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NBC has prevailed in a lawsuit brought by a writer who claimed that the network stole a screenplay to create the hit series My Name is Earl.
Mark Gable sued NBC Universal in 2008, claiming the network took copyrighted elements from his screenplay Karma to create Earl, the Jason Lee comedy that aired for four seasons on the network. The suit detailed similarities between Karma and the pilot episode of the series, including a main character who wins the lottery and attempts to use the money to turn bad karma into good karma by seeking out wronged persons from his past in order to make amends.
Gable said in 1995 he circulated his script around Hollywood, including to United Talent Agency, which represented Earl co-producer Brad Copeland.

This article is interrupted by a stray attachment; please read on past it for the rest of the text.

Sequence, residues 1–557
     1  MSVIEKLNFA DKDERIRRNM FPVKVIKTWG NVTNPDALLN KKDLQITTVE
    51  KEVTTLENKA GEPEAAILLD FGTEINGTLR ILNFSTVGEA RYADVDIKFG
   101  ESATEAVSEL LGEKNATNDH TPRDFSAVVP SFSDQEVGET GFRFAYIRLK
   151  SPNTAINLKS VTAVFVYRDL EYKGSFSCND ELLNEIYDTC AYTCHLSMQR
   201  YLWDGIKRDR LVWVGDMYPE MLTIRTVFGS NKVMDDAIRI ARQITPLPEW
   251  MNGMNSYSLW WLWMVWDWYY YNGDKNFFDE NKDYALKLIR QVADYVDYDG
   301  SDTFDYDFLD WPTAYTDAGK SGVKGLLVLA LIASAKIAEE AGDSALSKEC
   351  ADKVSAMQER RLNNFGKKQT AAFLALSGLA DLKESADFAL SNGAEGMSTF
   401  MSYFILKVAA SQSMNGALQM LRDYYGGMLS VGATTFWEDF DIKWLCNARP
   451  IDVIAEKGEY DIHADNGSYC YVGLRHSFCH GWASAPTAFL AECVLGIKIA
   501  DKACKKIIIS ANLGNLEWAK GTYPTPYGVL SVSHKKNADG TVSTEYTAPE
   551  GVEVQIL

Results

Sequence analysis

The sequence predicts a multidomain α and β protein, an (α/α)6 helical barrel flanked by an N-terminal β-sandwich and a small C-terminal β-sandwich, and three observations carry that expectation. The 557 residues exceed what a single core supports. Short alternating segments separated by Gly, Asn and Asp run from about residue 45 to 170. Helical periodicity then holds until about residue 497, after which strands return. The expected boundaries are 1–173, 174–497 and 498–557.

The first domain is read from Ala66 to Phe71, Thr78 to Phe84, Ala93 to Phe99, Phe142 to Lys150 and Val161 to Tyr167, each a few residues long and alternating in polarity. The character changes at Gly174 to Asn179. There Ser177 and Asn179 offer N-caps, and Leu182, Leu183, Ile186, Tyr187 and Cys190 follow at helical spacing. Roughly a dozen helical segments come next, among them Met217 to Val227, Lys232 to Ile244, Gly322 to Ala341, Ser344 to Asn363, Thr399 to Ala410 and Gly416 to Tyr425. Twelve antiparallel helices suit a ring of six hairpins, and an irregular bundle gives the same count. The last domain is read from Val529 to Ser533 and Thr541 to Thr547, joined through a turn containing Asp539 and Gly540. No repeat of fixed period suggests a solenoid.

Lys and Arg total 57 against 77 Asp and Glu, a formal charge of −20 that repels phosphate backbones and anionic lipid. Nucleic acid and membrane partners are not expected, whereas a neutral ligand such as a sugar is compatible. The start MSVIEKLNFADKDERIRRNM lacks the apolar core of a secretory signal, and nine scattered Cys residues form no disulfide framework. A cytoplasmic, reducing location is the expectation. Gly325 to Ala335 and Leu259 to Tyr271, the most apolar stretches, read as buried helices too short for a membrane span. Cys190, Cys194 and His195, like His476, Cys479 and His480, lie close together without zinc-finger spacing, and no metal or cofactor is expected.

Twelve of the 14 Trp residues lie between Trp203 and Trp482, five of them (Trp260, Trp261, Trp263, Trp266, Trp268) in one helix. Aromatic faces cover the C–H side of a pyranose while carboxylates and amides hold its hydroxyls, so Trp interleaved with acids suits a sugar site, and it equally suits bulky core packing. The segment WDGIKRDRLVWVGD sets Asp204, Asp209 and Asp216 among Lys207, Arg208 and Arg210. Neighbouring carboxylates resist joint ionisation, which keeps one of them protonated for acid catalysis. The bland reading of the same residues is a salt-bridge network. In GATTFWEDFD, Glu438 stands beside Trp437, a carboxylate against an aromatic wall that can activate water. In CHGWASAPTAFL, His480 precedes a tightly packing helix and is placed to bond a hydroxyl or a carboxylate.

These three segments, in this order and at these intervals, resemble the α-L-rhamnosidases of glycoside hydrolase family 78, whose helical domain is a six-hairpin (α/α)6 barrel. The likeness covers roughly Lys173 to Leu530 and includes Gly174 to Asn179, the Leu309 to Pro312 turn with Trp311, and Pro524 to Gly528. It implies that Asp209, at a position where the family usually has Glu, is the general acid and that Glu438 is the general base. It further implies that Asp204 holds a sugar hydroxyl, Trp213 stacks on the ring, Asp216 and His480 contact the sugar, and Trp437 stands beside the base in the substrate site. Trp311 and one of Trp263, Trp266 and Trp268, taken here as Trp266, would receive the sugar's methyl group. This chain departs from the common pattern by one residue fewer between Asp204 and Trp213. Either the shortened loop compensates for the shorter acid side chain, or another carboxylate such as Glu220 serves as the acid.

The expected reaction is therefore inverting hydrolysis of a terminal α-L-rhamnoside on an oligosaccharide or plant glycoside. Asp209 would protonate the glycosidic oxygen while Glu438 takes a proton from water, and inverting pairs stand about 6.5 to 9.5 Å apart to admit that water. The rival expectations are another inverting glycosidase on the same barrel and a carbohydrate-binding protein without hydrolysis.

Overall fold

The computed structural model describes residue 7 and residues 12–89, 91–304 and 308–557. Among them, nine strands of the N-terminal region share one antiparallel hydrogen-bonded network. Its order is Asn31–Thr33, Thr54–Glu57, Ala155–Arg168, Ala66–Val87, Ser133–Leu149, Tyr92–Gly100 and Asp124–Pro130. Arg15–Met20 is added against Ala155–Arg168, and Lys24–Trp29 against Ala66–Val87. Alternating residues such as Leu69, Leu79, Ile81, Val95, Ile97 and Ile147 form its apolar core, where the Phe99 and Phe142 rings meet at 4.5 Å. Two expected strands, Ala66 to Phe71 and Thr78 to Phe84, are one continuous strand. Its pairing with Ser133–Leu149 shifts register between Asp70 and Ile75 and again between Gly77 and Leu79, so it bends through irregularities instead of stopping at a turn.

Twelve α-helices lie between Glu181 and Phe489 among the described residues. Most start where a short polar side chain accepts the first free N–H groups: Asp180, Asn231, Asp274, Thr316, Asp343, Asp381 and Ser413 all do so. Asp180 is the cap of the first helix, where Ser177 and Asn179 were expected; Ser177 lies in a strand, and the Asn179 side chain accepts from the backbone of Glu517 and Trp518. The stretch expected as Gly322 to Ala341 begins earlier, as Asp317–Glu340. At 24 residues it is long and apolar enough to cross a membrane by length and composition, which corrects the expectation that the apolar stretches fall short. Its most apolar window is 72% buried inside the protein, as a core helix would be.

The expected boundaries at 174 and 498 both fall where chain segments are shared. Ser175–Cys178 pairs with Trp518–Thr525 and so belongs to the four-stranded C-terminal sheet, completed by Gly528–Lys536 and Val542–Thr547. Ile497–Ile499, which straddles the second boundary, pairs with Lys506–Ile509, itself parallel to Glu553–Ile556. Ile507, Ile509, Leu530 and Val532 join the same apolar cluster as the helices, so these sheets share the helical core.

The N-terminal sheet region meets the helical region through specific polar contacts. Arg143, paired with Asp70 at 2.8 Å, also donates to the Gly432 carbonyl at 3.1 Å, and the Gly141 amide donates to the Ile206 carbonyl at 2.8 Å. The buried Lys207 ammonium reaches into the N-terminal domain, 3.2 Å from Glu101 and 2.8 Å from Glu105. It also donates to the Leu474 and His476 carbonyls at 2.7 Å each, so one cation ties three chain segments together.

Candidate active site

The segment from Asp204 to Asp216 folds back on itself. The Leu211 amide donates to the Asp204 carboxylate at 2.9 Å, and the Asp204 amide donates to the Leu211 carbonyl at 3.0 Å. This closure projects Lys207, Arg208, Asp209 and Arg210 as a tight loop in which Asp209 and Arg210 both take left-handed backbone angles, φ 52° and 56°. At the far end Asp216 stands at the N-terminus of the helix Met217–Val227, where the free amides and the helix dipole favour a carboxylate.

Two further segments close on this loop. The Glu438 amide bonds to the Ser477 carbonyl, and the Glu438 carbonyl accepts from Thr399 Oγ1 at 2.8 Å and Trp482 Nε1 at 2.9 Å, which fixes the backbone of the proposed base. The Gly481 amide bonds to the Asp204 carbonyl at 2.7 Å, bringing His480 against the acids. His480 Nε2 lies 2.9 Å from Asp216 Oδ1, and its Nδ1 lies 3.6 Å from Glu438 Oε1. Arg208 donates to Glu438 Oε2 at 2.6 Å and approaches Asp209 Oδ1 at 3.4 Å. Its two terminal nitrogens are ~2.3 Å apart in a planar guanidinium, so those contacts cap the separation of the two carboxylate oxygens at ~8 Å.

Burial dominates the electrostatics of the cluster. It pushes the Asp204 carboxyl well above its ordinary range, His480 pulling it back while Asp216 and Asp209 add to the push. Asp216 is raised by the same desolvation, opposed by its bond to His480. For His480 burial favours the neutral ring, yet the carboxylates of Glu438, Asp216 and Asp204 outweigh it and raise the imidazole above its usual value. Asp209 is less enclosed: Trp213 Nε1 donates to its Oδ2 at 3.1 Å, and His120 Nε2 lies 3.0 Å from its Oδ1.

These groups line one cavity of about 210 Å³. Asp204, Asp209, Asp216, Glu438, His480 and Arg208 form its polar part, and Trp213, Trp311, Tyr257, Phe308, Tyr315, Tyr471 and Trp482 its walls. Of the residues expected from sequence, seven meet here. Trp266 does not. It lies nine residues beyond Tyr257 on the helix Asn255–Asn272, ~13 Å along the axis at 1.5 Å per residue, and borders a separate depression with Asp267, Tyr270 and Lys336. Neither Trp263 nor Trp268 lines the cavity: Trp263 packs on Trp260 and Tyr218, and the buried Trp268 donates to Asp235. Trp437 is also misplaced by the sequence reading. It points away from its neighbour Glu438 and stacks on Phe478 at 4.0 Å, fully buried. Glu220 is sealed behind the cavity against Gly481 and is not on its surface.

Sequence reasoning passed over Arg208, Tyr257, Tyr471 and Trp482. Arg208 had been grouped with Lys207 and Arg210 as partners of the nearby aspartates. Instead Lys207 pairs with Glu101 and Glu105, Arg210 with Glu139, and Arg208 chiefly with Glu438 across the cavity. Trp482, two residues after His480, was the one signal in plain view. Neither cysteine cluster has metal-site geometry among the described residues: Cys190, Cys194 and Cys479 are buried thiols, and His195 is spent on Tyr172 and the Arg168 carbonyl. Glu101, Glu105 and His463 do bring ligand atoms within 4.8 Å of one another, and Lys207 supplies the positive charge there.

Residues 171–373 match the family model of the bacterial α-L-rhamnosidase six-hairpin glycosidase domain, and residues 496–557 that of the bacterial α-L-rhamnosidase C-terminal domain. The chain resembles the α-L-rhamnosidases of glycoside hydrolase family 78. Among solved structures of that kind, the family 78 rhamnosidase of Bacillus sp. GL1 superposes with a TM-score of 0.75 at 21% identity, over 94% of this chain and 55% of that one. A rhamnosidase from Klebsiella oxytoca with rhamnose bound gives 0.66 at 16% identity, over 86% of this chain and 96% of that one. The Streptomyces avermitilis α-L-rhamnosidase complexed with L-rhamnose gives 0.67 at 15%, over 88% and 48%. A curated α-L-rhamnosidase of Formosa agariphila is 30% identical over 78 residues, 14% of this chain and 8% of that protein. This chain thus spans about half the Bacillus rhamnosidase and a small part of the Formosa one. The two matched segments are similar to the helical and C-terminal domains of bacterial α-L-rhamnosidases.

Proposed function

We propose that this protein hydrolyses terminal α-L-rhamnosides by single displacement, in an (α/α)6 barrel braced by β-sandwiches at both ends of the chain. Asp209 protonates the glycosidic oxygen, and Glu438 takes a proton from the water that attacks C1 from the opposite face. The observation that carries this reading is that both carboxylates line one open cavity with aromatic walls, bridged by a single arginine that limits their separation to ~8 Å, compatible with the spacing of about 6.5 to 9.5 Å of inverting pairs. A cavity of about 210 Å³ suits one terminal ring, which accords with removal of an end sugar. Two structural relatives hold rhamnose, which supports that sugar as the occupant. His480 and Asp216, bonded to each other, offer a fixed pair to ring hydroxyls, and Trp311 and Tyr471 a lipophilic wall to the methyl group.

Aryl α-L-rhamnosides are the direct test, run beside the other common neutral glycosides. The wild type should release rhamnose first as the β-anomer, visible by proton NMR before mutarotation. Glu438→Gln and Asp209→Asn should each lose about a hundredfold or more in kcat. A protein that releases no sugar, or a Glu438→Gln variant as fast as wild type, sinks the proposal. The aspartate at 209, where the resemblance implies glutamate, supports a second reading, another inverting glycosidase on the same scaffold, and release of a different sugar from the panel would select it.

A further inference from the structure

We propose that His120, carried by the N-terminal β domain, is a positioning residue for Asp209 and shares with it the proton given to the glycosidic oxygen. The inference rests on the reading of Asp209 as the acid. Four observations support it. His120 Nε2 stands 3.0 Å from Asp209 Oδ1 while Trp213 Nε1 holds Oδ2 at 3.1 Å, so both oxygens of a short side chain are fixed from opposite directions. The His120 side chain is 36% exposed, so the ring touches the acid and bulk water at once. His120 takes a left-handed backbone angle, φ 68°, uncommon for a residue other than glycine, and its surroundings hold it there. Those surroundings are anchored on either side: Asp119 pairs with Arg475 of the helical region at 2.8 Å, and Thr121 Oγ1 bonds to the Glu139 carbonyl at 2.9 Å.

But the lawsuit was dismissed on summary judgment by a district court judge in February. The judge couldn’t find enough “substantially similar” in the two scripts.
Perhaps the only thing extraordinary in this case is that the judge refused to take expert testimony from David Nimmer, a widely respected copyright scholar whose treatise, “Nimmer on Copyright,” is regarded as one of the best ever written on copyright law. The plaintiff introduced a 20-paragraph report by Nimmer of comparisons between the two scripts and a lengthy legal analysis of Ninth Circuit’s take on copyright infringement cases.
The judge rejected the report because he wasn’t “qualified to offer a literary analysis in this case.”
In an unpublished opinion issued on Thursday, the Ninth Circuit says that the district court didn’t abuse his discretion by ignoring Nimmer, meaning Gable’s allegations alone would need to be sufficient against NBC.
Alas, they’re not.
“The superficial points of comparison between Karma and Earl, gleaned haphazardly from three seasons of the television series, do not rise to the level of substantial similarity,” writes a panel of justices at the Ninth Circuit in affirming dismissal of the case.
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